On the southern edge of the schoolyard at Waters Elementary, the tomatoes are ripening, the false dragons are flowering, the grapes are thick on their vines. Peter Leki—whom neighbors describe as all green thumb—leads a visitor around dense, grassy thickets to point out endangered prairie plants like Kankakee mallow, cardinal flower and swamp saxifrage.
The garden, now a block long, is only Leki’s most visible accomplishment at the Lincoln Square school. Over the past 10 years, he has served as a local school council president, a classroom volunteer, and now a university consultant. In that time, he has woven himself into the fabric of his neighborhood school in a way that few outsiders ever do.
In the early 1990s, Leki, then a water plant operator, and his wife, Deborah, a community college professor, had their three children enrolled in magnet schools. Children in the middle-class enclave where they reside typically go to private or magnet schools rather than Waters, which today is 70 percent Latino and 89 percent low-income.
But in 1991, the Lekis reconsidered that decision for their youngest son, Jamal, the only one remaining in elementary school. School bus commutes were long and his classmates were scattered around the city. So they transferred the 4th-grader to Waters, a move that gave the Lekis stronger ties in the neighborhood, too. “We liked our neighbors and felt we had a little bit of responsibility to the local struggling school,” Leki explains.
Leki’s involvement with Waters grew over time. First, he ran for local school council, won, and agreed to serve as chair. Later, he began volunteering in the classroom. After participating in, then leading parent involvement workshops for National-Louis University’s Center for City Schools, Leki was hired to run the program citywide.
A common thread running through Leki’s successive roles—LSC chair, classroom volunteer, school consultant—is promoting a school-wide ecology curriculum that gives students a chance to learn science by getting down in the dirt and into the wilds.
When Leki arrived at Waters, science classes, and much of rest of the curriculum, were text-book based and uninspired, according to Principal Tomas Revollo, who was hired in 1992 by the LSC that Leki chaired.
With an enthusiasm for nature that teachers describe as contagious, Leki introduced the faculty to hands-on ecology projects and trained parents to assist them. He also connected the school with outside groups like the Friends of the Chicago River, the Chicago Botanic Gardens and the Nature Conservancy that would supply the school with materials for field trips and in-school activities.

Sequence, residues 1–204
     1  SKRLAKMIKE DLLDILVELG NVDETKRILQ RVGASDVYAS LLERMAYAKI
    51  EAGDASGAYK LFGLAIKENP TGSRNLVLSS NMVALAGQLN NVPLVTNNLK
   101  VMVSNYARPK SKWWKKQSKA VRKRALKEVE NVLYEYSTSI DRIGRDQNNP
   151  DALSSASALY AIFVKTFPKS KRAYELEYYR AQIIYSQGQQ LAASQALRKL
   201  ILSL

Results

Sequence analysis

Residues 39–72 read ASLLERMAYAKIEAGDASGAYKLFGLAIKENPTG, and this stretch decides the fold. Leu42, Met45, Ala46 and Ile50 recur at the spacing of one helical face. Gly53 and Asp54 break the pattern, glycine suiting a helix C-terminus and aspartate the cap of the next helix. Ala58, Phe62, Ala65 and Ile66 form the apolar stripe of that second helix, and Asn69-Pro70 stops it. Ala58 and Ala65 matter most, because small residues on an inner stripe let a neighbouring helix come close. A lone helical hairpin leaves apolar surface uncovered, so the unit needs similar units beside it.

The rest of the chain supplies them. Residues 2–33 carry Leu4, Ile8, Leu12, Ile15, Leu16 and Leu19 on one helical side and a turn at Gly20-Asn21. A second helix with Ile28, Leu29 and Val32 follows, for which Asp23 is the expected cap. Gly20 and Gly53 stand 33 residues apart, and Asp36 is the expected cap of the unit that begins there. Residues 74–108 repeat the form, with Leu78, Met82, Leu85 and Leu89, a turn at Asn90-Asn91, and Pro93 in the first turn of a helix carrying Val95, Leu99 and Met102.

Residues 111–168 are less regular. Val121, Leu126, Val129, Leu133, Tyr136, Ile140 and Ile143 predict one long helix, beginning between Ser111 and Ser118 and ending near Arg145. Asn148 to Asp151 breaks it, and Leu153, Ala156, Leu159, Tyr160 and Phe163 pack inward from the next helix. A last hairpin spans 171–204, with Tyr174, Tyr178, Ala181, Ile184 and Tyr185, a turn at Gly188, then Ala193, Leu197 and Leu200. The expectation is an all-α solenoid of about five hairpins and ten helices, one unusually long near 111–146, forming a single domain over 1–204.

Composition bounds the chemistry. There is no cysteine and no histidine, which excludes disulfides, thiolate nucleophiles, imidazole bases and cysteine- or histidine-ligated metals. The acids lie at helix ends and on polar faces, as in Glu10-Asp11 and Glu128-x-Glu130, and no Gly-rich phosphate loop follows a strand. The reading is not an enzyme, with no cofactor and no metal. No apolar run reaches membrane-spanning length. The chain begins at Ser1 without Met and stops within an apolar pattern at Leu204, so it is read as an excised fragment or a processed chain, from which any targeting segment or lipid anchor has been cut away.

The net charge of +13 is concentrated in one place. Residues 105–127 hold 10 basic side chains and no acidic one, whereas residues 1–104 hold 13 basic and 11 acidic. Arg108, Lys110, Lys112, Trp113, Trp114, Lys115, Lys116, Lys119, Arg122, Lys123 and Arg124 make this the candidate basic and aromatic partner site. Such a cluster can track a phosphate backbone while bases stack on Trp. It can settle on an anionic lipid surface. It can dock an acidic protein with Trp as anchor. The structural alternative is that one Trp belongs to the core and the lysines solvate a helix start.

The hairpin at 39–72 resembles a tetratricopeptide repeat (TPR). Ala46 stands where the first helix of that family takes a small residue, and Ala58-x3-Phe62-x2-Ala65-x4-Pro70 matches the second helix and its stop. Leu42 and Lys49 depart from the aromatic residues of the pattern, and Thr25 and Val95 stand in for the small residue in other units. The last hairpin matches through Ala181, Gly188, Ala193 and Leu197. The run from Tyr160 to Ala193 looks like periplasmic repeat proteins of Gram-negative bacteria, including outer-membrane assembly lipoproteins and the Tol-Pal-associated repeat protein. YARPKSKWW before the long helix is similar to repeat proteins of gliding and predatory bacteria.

Leki’s ecology projects were the first school-wide effort at “hands-on” learning, and helped the faculty become more comfortable with new teaching methods, according to Revollo.
Each class tends its own plot in the school garden, and 30 families who live in the community raise vegetables there too. About 160 species of prairie plants outline the garden’s perimeter, many sown from seeds that students collected at nearby forest preserves.
The garden is a laboratory for scientific observations of plants and insects, as well as a source for descriptive writing assignments and math exercises. Third-graders, for instance, select the number and types of plants to fill their plot based on a price list, a budget, plot dimensions and guidelines on plant spacing.
The project makes abstract math concepts, like calculating area, more concrete and interesting, explains 3rd-grade teacher Diane Gebhardt. “It gives them a purpose, a reason for what they’re learning in the classroom.”
The most intensive ecology work is done in the 3rd, 4th and 5th grades, all of which participate in Mighty Acorns, an elementary school science program designed by the Nature Conservancy to meet state learning goals. Each grade studies a different ecosystem—wetlands, woodlands, or prairie—and visits a Cook County forest preserve three times a year for conservation work and research.